The National Capitol, one of the symbols of Havana, received the National Prize in Conservation and Restoration of Monuments 2021, in recognition of the heritage rescue work led by the historian Eusebio Leal Spengler. The deputy director of the Office of the Historian, Perla Rosales, received the award.
Built in 1926, the National Capitol of Cuba is one of the most emblematic buildings in the city of Havana and a mandatory stop during your trip to Cuba with Espíritu Travel.
The Capitol of Havana
The National Capitol of Havana was built in 1929 under the direction of the architect Eugenio Raynieri Piedra, commissioned by then Cuban President Gerardo Machado. The building hosted the two houses of Congress and the legislative body of the Republic of Cuba. Inspired by the Pantheon in Paris, St. Peter’s in Rome, and the United States Capitol, the building features a neoclassical façade and a dome that reaches 91.73 m in height.
Unlike it’s almost twin building the Capitol in Washington DC, the Havana Capitol is one meter taller, one meter wider and one meter longer and it currently houses the National Assembly.
How was the Capitol of Havana built?
In just three years, 8,000 specialized workers were precisely coordinated and with the help of the American participation in the technical aspect the most advanced means for the time were used to build the Capitol. The construction of the Capitol began on April 1, 1926 and in May 1929 the building was practically finished.
The National Capitol was built with white chaplain limestone and granite. Its elegant 62-meter stone dome is topped with a replica of the bronze statue of the 16th-century sculptor Giambologna, and stands out on the city’s skyline. On the top floor, right in the center below the dome, houses a brand new 25 carat diamond. The distance by road between Havana and any other city in Cuba is calculated from this same point
Fun fact: Despite being protected by a solid cut crystal and considered unbreakable, the diamond was stolen on March 25, 1946 and recovered on June 2 of the following year. It was never known who stole it, although popular rumors attributed the incident to a special police lieutenant from the Ministry of Education named Abelardo Fernández González.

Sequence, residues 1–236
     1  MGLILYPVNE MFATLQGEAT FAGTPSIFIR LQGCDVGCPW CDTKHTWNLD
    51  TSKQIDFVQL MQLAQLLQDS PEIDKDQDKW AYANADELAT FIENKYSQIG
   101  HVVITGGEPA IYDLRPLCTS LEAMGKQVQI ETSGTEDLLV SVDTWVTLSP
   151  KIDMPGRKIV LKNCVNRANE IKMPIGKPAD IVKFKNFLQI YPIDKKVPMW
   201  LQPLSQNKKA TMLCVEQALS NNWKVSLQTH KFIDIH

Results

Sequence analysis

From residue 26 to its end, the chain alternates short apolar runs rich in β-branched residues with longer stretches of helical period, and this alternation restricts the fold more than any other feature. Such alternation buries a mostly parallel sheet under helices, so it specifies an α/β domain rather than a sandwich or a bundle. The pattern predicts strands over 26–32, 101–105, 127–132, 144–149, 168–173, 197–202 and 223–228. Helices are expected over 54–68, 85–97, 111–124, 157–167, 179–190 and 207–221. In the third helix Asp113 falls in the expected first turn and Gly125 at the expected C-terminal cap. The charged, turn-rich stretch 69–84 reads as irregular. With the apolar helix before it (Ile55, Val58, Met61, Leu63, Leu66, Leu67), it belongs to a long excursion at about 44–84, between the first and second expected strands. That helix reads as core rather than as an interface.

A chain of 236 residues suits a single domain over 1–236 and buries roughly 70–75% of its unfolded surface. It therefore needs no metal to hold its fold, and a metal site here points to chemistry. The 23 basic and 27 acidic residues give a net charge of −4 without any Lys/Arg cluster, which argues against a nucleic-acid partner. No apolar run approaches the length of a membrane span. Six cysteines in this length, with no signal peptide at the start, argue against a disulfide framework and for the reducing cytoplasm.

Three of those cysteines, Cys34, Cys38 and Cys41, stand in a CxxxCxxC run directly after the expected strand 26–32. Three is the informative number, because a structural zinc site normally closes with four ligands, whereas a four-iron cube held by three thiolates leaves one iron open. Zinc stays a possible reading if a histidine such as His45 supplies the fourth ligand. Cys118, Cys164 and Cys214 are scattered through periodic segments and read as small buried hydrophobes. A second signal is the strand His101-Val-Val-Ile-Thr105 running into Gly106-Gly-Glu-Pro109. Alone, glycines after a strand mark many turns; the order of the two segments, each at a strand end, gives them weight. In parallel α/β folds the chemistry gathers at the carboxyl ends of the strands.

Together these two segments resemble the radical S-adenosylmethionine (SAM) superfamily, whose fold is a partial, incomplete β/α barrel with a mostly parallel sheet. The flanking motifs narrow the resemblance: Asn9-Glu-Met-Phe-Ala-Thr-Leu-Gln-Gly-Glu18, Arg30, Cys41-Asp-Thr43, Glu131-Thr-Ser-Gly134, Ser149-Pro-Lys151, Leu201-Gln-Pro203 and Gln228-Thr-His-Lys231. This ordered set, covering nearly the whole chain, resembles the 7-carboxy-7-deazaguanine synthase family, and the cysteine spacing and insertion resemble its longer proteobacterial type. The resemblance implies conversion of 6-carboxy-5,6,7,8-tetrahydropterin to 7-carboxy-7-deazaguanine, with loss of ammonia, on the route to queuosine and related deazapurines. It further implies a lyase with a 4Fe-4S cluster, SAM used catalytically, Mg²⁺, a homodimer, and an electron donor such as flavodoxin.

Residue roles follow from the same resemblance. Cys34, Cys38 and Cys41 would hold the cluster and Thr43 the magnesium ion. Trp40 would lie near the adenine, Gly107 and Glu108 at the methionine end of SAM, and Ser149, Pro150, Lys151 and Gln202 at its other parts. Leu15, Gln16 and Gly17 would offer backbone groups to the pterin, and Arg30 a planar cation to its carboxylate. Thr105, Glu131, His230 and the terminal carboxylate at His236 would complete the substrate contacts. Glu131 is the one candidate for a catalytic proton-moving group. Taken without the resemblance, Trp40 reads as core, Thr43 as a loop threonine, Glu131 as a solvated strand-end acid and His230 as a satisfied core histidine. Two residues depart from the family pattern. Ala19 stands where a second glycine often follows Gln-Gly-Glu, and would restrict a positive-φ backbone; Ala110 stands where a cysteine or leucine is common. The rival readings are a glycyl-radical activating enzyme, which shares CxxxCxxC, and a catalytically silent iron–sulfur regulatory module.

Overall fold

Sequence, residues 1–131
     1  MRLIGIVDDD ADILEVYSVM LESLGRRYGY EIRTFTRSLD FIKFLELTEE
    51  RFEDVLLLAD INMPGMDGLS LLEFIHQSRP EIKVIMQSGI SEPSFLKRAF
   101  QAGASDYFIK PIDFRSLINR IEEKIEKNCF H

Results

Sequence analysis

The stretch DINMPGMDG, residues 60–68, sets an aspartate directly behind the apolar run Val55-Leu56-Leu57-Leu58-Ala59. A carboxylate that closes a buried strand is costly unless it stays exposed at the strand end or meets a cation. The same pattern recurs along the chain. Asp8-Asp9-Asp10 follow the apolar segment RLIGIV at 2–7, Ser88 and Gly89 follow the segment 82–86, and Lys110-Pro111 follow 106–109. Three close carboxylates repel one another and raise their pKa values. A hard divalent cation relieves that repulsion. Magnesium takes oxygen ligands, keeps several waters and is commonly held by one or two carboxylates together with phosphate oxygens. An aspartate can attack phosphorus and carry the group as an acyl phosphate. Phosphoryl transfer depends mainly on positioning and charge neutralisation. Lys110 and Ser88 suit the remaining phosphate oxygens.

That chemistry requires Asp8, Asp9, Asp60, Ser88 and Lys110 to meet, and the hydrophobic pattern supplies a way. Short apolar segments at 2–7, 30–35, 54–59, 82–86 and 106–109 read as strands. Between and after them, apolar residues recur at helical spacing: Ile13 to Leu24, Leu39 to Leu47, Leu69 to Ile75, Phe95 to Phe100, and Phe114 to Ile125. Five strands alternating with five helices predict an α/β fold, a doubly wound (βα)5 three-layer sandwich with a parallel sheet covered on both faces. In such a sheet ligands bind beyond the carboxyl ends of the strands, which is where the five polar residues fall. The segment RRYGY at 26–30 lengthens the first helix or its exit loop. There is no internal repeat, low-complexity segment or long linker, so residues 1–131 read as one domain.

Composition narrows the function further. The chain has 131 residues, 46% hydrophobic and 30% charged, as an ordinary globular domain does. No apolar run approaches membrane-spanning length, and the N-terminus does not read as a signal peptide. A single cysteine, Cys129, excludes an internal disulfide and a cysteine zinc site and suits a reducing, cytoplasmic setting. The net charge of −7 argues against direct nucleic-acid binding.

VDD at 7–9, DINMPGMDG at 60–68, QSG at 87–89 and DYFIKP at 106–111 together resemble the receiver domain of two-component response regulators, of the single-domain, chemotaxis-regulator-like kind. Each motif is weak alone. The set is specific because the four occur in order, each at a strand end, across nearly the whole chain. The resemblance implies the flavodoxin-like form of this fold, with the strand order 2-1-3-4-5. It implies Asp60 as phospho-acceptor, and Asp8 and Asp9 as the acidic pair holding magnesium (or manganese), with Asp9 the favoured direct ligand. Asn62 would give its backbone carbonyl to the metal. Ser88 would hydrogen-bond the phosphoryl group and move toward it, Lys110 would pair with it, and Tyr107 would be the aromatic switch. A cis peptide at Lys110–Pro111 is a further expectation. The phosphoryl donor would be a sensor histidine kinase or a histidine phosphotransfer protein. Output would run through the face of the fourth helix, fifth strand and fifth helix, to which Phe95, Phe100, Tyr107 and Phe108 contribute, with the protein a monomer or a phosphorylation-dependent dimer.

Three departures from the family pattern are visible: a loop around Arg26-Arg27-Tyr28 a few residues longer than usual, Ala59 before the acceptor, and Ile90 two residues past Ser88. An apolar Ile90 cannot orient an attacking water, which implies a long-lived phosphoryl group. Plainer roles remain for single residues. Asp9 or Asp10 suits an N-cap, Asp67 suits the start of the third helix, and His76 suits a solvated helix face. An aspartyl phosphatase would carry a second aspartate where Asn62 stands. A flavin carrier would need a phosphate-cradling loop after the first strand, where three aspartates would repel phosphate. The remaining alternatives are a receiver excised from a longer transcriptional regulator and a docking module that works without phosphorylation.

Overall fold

In 1973, the diamond was replaced by a replica for security reasons and it was kept in the safe deposit box of the Central Bank of Cuba.
Inside the Capitol
The entrance is protected by six gigantic Doric columns (1.55 meters in diameter and 14.10 meters high), at the top of a staircase with 55 granite steps. On both sides of the top of the staircase there are two impressive bronze sculptures, one male and one female, both 6.70 meters high, by the Italian Angelo Zanelli.
Upon crossing it, you will arrive at the Hall of Lost Steps, named for its exceptional acoustics, in the center of which is the Statue of the Republic, a gigantic bronze woman of 14.60 meters high, and more than 30 tons, which symbolizes the tutelary virtue of the people and work.
The building also houses other rooms, such as the Salón Baire, which was a conference and protocol room for the House of Representatives; the Bolívar Room, which has its original furniture with Venetian mirrors; the Baraguá Room, in a neoclassical style, which was used as a work area for the secretariats of the House of Representatives; and the Martí Room, with a beautiful chromaticism and Italian Renaissance style, which serves as a prelude to the library.
You can enter the Capitol for 3 CUCs and it opens from Monday to Saturday from 10:30 a.m. to 10:00 p.m. and Sundays from 10:30 a.m. to 1:00 p.m.
The Capitol of Cuba declared a National Monument in November 2010
In 2010 the Capitol closed its doors to begin a laborious restoration that has lasted until almost this year and that has ended up receiving the National Prize in Conservation and Restoration of Monuments 2021.
The 2021 National Awards for the Conservation and Restoration of Monuments were announced at a gala held at the Capitol in Havana. Perla Rosales shared the award with those who made possible the revival of the Capitol: the engineers Marisol Marrero Oliva, general designer; Mariela Mulet Hernández and Ismael Vázquez Rodríguez, main investors and Conrado Hechavarría Sánchez, main executor of the work.
Get inspired with our Cuban Trip Plans
Let yourself be carried away by your local Espíritu Travel local guide during your trip to Cuba. He/she will not only show you the Capitol of Cuba but all the important monuments of the city and will tell you the history surrounding them.
Planning your customized trip to Cuba with Espíritu Travel is warranty for a genuine and culturally inspiring experience in the Pearl of the Caribbean. Our team of experts will guide you in every step of your trip to Cuba. Traveling to Cuba with us also comes with peace of mind. We are always there in the background in case of questions or emergencies.